Recently a news item was circulating on Facebook entitled “The Truth About No-Kill” and the reporter was making the shocking announcement that “no-kill” does not mean zero deaths. He was truly astounded to find out that shelters that call themselves “no-kill” still do occasional euthanasias. He kept asking “What does no-kill mean?” What does it mean to you?
We’re often asked if we are a “no-kill” shelter and my response is always that question. What does “no-kill” mean to you? Sometimes we get in animals that are severely injured or incurably ill. Sometimes we get in animals that have bitten people or killed other animals. Sometimes we get in animals under-socialized to the point that being around people is traumatizing to them. Sometimes we have to make those hard decisions. Almost always the response is “oh, that’s OK.”
Well, thank you. So we do euthanize – sometimes. Never healthy, good-tempered animals. Never because of space or after a set number of days. I don’t know any shelter, in our area that faces that issue. There is a strong network of shelters and rescues and we all do everything we can to help the animals in our care find homes. But we don’t save them all. Not only is that not possible – it’s not reasonable. So what does the term “no-kill” mean? The accepted definition, put forward by Richard Avanzino, father of the no-kill movement, is any shelter that saves 90 percent or more of the animals in its care.
Yes, that means that up to 10 percent of the animals could still be euthanized but it’s the last 10 percent that is such a struggle for shelters. They are the really old frail animals, the ones with difficult temperament challenges, those with chronic or expensive health issues – those that are, in fact, the least likely to be adopted. No one comes into the shelter looking for an animal that will cost a fortune in vet bills or will be behaviorally challenging!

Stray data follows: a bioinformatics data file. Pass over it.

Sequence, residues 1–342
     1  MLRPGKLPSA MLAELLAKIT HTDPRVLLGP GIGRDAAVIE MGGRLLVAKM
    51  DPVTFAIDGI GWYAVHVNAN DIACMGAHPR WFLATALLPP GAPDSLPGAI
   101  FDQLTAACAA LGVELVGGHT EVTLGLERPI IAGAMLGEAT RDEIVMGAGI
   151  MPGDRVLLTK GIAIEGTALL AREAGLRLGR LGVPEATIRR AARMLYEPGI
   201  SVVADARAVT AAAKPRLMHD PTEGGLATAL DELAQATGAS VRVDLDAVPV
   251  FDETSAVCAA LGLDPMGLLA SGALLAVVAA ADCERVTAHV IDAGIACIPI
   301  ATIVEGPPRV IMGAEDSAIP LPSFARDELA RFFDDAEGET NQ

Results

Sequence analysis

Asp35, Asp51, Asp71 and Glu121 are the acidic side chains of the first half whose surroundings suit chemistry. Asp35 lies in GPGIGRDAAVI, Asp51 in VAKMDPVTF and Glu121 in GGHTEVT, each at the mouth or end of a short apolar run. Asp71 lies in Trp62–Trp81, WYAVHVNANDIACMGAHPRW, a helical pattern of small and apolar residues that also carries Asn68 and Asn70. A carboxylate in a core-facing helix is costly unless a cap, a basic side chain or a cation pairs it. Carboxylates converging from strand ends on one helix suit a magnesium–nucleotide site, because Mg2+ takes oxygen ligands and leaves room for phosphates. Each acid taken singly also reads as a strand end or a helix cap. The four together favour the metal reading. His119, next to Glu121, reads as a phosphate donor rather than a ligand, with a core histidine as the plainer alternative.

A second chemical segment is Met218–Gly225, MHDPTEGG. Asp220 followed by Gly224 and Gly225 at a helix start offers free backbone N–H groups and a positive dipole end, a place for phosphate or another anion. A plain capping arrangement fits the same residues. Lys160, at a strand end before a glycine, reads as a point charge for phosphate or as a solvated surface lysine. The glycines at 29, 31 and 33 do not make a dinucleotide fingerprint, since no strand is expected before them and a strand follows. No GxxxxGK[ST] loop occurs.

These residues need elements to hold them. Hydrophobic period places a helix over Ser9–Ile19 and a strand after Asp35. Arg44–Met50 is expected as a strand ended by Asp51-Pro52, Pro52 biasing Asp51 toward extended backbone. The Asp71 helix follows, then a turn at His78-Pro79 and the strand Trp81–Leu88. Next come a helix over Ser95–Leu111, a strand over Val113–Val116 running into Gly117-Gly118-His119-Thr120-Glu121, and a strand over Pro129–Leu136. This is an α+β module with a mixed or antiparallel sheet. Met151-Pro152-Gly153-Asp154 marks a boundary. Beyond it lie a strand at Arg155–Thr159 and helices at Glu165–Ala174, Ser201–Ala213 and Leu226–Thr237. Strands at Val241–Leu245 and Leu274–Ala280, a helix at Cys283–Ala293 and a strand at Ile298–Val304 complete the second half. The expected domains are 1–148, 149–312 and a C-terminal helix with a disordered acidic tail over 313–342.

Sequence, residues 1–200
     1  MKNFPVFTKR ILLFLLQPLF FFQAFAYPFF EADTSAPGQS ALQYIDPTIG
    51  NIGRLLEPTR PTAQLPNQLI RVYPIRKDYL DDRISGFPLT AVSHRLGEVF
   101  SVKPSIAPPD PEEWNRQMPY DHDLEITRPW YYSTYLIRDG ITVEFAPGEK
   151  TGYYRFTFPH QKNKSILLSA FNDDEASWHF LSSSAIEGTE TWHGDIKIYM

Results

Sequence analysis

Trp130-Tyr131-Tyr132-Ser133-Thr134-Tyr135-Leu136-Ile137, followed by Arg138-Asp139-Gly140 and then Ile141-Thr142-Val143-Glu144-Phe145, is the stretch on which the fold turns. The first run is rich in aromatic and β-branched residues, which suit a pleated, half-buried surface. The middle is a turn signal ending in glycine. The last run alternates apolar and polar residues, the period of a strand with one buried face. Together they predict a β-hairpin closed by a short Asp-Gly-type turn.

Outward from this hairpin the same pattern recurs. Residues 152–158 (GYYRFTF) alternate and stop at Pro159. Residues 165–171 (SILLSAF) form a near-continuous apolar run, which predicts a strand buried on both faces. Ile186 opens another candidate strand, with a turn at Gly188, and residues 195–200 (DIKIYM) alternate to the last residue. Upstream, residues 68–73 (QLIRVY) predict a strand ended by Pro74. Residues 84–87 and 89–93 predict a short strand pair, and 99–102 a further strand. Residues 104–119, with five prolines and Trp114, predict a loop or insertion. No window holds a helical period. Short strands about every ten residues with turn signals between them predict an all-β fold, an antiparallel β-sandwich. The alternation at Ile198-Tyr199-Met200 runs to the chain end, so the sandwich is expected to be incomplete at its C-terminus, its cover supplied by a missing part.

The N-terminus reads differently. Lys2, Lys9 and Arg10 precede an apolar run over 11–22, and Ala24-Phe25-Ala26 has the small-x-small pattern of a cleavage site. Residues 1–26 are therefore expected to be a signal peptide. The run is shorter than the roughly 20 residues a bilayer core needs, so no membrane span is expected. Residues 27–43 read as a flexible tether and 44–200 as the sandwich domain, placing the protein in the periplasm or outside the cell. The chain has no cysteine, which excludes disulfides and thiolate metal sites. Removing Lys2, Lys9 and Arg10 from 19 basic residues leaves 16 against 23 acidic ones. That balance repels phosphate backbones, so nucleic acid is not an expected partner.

Another challenge is how you do your statistics. Do you count in owner-requested euthanasias? That is when an owner makes the difficult decision to end the suffering of their own pet and pays the shelter to perform that service. Do you count animals that die on their own despite being given treatment? There is a big difference between a parvo puppy that dies even though it was being treated aggressively and making the decision to euthanize a healthy animal that is deemed too dangerous. You can see that if you leave out those that die on their own where that can go – I shudder to think that any shelter might not humanely put an animal out of his suffering just so they could say he died on his own! On the other hand, how often is an animal “adopted” out to a trusted volunteer who takes the sick animal to their own vet for euthanasia? It shows on the books as an adoption, right? You can see how tricky dealing with stats can be.
We are proud of the progress we are making. Last year we were at 93% percent save rate. We currently have in adoptions many senior pets, some with manageable health issues, FIV cats, shy cats and cats that are for barn/working cat placements. These are animals that just 10 to 15 years ago would have been euthanized without a second thought. But we can’t do it without people willing to adopt these challenging pets. We definitely aren’t set up to be a sanctuary! So if you want to do your part to help make this really a “no-kill” nation, then please consider opening your home to one of our more challenging animals. They are still very loving and appreciative!
3rd Annual Sonoma County Bunfest! – Sat., March 30, 11-3:00 p.m., at the RP Community Center. Free admission gets you great speakers about bunny care and health, adorable rabbits to meet, rabbit supplies and toys for sale, raffle items and more. New this year – a family activity center! Details available at sonomacountybunfest.com
“Get Them Back Home” Campaign – Every lost pet should have a way to get back home. FREE pet ID tag and a back-up microchip are available to all residents of Rohnert Park and Cotati. No appointment necessary, just come by the shelter during our regular open hours: Wed. 1-6:30; Thurs.-Fri.-Sat. 1-5:30; Sun. 1-4:30.
Fix-it Clinics – Free spay and neuters for cats; and $60 dog surgeries (up to 80 lbs.) for low-income Rohnert Park and Cotati residents. Call 588-3531 for an appointment.
Mickey Zeldes is the supervisor at the Rohnert Park Animal Shelter. She can be contacted at firstname.lastname@example.org.